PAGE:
Wednesday, August 22, 2012

The Cancer Burden in Texas

Raise your hand if you’ve had cancer or know someone who has. Trust us when we say: Our hands are raised.

This year alone, roughly 110,000 Texans will be told, “You have cancer,” and over 39,000 Texans will lose their lives because of it. That amounts to more than 100 people lost per day. As physicians, friends, and family, this is a devastating loss we can all relate to.

In addition to its devastating impact on the health and well-being of survivors and their family/friends, cancer is expensive to individuals AND our state. The total annual cost associated with cancer in Texas is estimated to be $28 billion. That’s a lot of money. This figure includes costs associated with direct medical care, as well as indirect costs due to lost productivity from illness and premature death.

At the Cancer Prevention and Research Institute of Texas, we believe that by working together, we can reduce the burden of cancer in the Lone Star State. That’s where the Texas Cancer Plan, a strategic guide for Texans to use in the fight against cancer, comes into play. We collaborated with organizations, institutions, community leaders, coalition members, cancer survivors, and family and friends affected by cancer to develop this resource for all Texans.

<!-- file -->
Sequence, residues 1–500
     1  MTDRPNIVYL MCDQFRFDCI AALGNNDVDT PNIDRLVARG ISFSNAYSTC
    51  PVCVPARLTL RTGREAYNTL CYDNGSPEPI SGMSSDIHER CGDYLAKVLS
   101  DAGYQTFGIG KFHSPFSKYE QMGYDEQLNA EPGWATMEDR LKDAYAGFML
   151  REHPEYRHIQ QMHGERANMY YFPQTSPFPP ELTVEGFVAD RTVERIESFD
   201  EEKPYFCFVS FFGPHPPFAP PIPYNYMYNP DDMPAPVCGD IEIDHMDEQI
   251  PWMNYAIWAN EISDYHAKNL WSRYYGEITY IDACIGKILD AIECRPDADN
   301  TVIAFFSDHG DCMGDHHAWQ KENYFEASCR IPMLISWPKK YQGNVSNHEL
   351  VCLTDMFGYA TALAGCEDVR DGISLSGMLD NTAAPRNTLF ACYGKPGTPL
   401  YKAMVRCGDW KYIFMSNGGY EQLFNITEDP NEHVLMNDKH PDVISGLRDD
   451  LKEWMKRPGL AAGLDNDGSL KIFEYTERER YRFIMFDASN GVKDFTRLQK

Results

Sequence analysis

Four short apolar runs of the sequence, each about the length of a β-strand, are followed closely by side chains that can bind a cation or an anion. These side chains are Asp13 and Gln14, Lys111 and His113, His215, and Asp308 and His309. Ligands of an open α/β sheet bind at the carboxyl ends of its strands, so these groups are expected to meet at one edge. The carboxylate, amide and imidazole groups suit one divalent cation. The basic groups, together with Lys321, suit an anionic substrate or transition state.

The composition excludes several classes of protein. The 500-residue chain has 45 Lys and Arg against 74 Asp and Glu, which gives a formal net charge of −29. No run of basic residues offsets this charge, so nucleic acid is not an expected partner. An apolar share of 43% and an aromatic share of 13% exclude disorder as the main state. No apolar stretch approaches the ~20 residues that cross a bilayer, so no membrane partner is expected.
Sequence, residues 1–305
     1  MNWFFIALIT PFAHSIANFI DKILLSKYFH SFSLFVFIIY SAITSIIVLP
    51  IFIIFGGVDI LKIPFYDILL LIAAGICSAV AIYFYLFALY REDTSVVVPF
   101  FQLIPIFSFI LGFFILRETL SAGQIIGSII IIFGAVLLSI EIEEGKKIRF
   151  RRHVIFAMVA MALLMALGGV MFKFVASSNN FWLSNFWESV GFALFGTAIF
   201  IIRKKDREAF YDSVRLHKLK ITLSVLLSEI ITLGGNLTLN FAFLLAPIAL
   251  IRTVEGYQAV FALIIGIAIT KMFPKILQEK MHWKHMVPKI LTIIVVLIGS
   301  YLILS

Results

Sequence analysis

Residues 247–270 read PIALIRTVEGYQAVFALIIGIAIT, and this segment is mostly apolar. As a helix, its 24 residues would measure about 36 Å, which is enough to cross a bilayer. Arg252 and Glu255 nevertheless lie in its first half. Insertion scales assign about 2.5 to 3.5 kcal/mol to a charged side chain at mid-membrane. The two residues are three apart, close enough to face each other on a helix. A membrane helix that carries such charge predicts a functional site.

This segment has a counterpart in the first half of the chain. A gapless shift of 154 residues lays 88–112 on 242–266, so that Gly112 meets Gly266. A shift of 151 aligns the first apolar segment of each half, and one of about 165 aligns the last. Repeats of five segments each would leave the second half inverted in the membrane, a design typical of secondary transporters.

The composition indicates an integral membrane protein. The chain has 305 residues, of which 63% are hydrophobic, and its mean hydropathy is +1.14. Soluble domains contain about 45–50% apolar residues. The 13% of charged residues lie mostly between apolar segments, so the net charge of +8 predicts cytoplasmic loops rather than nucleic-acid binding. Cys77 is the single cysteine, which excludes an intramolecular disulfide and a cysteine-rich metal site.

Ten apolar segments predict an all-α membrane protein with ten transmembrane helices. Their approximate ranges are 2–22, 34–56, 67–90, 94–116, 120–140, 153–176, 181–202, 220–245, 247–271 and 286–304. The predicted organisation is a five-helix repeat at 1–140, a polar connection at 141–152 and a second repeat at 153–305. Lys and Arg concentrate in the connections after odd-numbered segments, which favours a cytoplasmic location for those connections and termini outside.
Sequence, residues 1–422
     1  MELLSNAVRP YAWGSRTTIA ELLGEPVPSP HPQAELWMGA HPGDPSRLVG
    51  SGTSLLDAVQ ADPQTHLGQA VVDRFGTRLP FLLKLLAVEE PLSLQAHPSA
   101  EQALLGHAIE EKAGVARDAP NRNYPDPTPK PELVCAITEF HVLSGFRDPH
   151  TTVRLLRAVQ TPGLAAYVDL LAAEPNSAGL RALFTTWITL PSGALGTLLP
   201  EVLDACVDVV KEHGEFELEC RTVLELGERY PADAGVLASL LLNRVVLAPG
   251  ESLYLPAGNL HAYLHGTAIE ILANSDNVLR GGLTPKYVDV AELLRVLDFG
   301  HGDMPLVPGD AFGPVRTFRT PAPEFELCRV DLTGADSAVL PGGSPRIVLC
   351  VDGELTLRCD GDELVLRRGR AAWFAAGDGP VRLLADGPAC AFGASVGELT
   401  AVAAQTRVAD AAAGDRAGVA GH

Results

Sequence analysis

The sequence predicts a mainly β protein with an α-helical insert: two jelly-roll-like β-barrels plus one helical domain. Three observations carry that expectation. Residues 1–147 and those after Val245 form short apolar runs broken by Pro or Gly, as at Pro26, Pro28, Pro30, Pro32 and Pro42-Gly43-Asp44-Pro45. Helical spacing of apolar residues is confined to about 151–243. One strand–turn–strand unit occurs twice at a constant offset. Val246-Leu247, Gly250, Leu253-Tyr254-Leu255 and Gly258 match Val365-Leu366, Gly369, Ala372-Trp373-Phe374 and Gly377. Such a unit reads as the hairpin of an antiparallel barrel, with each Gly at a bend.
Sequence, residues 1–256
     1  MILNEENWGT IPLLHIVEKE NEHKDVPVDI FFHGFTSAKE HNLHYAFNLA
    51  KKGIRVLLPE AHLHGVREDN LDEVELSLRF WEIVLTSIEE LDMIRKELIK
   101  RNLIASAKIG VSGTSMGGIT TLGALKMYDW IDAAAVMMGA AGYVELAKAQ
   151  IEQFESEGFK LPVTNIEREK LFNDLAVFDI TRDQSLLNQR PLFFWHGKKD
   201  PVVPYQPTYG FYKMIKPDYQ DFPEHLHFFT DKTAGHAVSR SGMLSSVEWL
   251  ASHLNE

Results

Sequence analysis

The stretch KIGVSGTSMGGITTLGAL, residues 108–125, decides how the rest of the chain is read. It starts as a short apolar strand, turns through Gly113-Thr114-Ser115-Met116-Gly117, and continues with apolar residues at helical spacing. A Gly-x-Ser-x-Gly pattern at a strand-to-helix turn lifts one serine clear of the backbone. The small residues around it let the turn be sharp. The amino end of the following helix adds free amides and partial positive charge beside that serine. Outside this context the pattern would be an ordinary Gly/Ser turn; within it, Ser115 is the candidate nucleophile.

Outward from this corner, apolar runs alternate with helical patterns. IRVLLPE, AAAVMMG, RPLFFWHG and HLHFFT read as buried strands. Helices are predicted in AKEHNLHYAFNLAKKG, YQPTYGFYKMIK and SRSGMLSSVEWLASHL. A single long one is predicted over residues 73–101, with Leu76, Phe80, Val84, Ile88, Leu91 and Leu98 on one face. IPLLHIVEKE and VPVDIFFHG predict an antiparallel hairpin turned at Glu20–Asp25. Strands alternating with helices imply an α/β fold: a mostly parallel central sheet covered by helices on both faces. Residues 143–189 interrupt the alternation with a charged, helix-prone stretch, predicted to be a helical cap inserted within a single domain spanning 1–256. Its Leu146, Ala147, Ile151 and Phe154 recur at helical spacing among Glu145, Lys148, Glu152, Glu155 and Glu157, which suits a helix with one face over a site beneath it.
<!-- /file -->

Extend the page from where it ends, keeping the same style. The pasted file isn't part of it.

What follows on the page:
No matter if you’re one person, a hospital, local health department, community-based organization, employer, school/university, faith-based organization, physician, or legislator: The Plan has steps you can take, starting today.

It’s more important than ever that we as Texans take action against cancer. There is no single cause or cure, but there are many ways to prevent some cancers. Please join us in the fight. Download your copy of The Plan today: txcancerplan.org.

Making Every Moment Count

James Ragan - student at Rice University, golfer, and founder of Triumph Over Kid Cancer Foundation - shares his story, his thoughts on the future direction of Cancer Prevention and Research Institute of Texas (CPRIT), and how investing in rare and orphan cancers should be a bigger priority.

Watch his video here.

Funded by CPRIT, the Physician Oncology Education Program (POEP) offers a new continuing medical education course entitled Primary Care Update: Childhood Cancer Survivorship. The course is eligible for 1.5 AMA PRA Category 1 credits, including ethics. To take the class, or to view a complete roster of POEP learning opportunities, visit www.poep.org, and click on “CME.”

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